Another unsettled week, again largely influenced by Atlantic low pressure systems. Nevertheless, migration continued apace and a number of ‘autumn firsts’ put in appearances during the period.
Still settled at Stanwick GP, last week’s Garganey remained until at least 12th, being joined by another on 9th and 10th.
But the ducks-deluxe slot was filled this week by two Red-crested Pochards – a female at Stanford Res throughout the period and an eclipse drake at Pitsford Res from 11th until 13th. They have been uncharacteristically scarce this year, with January duos at Pitsford and mobile between Kislingbury GP and Stortons GP, followed by just one at Clifford Hill GP on 4th March.
An escaped Fulvous Whistling Duck at Sulby Res/Welford Res also provided a modicum of interest on 8th.
Two Quails were reported from Harrington AF on 10th.
Great Egrets were limited to one at Stanford on 10th and Pitsford holding up to four throughout the week, while it looks like our recent Cattle Egret colonisation has ground to a halt, with Bedfordshire proving more attractive to them this year.
A tidy showing of raptors this week featured multiple Ospreys, which included two at Pitsford and one at Stanford on 10th, three high over Cottesbrooke on 11th, plus two at Hollowell Res and one at Pitsford on 12th. And, as is the way with August, a run of pristine juvenile Marsh Harriers continued with singles at Summer Leys on 8th and 10th-11th and at Pitsford on the same dates.
On the wader front, Black-tailed Godwits continued to trickle through in small numbers, which included singles at Summer Leys LNR and Clifford Hill on 7th and 8th, respectively and seven at Stanwick GP on the last of these two dates. A single Curlew was at DIRFT 3 A5 Pools on 10th, the same date delivering the autumn’s first Turnstone, which put in a brief appearance on Pitsford’s causeway. Despite a blank last week, the county’s so far excellent run of Wood Sandpipers continued with singles at DIRFT 3 on 10th and at Stanwick on 12th-13th. Conversely, it’s been poor as far as Greenshank numbers are concerned with, this week, just three flying through at Daventry CP on 12th.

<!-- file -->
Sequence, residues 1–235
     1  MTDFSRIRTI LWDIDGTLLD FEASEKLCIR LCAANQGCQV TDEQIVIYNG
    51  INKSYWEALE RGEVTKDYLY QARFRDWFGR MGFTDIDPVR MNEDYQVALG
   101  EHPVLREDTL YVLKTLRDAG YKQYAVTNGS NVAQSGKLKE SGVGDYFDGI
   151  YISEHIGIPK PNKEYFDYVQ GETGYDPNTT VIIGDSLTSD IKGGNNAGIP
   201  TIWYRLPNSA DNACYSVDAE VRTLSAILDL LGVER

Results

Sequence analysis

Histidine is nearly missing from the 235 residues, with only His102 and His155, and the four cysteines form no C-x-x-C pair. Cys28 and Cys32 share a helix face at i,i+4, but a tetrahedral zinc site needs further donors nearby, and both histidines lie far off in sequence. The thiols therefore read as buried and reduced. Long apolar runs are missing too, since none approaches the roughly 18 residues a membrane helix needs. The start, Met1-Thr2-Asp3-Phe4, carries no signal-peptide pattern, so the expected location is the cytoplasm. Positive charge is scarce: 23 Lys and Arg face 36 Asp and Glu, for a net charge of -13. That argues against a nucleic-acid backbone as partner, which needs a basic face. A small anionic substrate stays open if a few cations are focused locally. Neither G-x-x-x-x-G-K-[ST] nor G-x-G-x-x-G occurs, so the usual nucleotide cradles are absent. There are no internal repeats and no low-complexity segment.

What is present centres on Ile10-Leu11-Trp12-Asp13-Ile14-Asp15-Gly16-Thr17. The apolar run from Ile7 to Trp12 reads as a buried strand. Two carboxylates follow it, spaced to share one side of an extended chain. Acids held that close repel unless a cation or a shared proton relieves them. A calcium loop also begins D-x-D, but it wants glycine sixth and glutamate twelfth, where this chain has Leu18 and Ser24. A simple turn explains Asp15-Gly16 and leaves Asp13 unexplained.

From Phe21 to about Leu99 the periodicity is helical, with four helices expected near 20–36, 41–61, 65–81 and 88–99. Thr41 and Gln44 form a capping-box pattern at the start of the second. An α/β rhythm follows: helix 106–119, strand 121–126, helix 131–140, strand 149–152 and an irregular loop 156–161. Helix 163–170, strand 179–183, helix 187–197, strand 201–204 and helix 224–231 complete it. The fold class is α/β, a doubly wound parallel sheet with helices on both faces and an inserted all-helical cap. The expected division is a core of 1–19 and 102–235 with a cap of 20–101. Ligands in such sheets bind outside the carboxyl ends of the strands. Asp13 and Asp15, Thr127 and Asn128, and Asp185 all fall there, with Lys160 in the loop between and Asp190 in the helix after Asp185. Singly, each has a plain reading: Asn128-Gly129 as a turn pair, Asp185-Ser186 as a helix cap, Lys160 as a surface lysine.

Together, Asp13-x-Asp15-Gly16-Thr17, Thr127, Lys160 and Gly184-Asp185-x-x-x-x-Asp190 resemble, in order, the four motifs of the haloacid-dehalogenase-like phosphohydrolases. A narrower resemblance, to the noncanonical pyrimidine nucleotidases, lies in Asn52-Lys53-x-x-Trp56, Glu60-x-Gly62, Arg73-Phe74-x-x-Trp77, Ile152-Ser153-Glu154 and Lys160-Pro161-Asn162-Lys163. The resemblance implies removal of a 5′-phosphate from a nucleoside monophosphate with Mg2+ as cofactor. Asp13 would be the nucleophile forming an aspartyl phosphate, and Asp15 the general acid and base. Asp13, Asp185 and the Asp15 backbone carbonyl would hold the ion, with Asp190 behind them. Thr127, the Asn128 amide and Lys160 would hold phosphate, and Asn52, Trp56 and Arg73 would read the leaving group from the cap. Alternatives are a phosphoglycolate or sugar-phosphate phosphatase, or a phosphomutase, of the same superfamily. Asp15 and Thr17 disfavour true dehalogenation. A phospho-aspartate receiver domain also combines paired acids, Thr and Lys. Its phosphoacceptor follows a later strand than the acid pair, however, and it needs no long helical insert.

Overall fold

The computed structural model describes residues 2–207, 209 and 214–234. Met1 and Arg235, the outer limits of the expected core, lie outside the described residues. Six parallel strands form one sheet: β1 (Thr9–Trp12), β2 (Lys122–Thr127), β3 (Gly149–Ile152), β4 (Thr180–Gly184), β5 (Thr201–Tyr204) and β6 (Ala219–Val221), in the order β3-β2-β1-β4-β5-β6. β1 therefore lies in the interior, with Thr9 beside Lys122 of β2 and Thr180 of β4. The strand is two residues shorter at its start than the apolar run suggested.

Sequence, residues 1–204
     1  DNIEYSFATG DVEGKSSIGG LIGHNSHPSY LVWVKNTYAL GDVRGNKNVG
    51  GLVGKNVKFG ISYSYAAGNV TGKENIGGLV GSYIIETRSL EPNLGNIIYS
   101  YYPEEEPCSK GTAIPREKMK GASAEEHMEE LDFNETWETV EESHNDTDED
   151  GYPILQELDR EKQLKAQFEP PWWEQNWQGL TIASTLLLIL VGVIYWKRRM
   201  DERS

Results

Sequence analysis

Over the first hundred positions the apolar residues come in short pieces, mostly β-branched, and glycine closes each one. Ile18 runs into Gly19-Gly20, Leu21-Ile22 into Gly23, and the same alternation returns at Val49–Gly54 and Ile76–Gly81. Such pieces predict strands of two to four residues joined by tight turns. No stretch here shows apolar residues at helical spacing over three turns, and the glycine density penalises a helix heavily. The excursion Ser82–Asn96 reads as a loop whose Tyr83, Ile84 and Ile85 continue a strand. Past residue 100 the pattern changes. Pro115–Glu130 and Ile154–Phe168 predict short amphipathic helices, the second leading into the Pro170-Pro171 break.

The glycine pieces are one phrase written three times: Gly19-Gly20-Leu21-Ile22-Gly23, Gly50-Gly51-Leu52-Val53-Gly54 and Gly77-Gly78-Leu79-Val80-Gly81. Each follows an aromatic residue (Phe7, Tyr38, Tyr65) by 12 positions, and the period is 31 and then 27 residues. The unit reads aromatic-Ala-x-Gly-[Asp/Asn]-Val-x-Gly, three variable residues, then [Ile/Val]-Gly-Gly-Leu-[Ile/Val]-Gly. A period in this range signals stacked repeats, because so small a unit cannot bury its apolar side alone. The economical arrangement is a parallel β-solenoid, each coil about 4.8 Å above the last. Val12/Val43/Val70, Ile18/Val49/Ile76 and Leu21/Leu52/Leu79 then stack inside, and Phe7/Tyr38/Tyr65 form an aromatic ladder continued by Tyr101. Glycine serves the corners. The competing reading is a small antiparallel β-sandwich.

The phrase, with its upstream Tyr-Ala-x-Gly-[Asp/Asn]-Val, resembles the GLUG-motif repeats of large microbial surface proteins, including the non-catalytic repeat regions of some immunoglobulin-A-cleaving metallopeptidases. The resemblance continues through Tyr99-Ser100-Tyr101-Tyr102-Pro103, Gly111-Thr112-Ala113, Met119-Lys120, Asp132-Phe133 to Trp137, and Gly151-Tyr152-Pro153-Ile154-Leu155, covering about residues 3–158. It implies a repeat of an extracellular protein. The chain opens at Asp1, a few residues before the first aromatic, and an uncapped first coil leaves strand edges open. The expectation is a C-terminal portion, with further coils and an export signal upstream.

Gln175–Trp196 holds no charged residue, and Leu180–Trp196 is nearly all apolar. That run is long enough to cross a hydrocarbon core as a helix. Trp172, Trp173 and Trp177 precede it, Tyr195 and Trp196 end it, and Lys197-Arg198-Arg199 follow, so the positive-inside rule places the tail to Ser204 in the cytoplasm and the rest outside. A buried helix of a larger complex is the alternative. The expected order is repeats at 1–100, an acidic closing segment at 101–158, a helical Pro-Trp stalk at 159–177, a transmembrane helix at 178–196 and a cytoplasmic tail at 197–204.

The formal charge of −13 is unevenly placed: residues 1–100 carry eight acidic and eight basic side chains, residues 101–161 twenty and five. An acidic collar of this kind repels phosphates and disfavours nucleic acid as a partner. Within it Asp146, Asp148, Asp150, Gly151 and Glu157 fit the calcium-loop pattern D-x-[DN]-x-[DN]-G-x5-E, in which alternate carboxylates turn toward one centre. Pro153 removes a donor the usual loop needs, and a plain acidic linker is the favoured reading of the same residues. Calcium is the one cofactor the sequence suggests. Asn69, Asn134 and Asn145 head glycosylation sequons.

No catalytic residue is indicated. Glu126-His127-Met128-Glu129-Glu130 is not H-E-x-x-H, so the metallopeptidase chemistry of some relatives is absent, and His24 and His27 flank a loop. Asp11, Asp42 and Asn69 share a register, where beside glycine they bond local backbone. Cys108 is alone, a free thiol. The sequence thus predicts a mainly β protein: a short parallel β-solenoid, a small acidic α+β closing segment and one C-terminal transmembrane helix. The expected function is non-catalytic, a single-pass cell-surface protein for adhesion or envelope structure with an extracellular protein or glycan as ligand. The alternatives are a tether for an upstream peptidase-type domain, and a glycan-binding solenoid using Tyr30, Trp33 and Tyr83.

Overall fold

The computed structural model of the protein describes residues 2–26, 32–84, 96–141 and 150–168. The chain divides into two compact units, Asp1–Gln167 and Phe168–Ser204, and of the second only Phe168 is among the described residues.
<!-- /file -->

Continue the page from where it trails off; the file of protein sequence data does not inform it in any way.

Meanwhile, a juvenile Caspian Gull found at Stanwick on 8th piqued interest at both local and international levels as it bore a ring inscribed 686-U, allowing it to be traced to a scheme indicating it had been ringed as a pullus on 31st May 2021 at Dynin (lhota), Jihocesky. Kraj, in the Czech Republic. A great record of a true Eastern European migrant, having travelled a distance of 1128 km in its first couple of months.
Other Caspians were also available, however, with a ‘near-adult’ also visiting Stanwick daily between 7th and 10th, an adult at Pitsford on 8th and a second-summer there on 9th, plus an adult at DIRFT 3 on 10th.
Unsurprisingly, Stanwick also accounted for the lion’s share of this week’s Yellow-legged Gulls, with at least twenty there on 7th, this number having dwindled to eight by the end of the period. Three other sites produced smaller numbers, with six at Harrington AF on 7th, two at DIRFT 3 on 8th and four on 10th, and three at Pitsford on 9th with one on 10th.
The first of the autumn’s Black Terns appeared at Pitsford on 12th, when two adults were found in Scaldwell Bay, while another autumn first – a Merlin – flew over Harrington AF on 9th.
To passerines … and Common Redstarts continued to feature strongly this week, with the long-staying female, again accompanied by the male, remaining at Lilbourne Meadows LNR throughout. Elsewhere, Harrington produced one on 7th and four on 9th, Blueberry Farm, Maidwell held two on 8th and three on 10th, singles were at Pitsford on 10th and Stanford on 12th and the week closed with two at Honey Hill on 13th.
Two Whinchats were reported from Pitsford on 10th, while single Northern Wheatears were at Harrington on 9th and 13th, Pitsford on 10th and at both Borough Hill and Welford Res on 12th.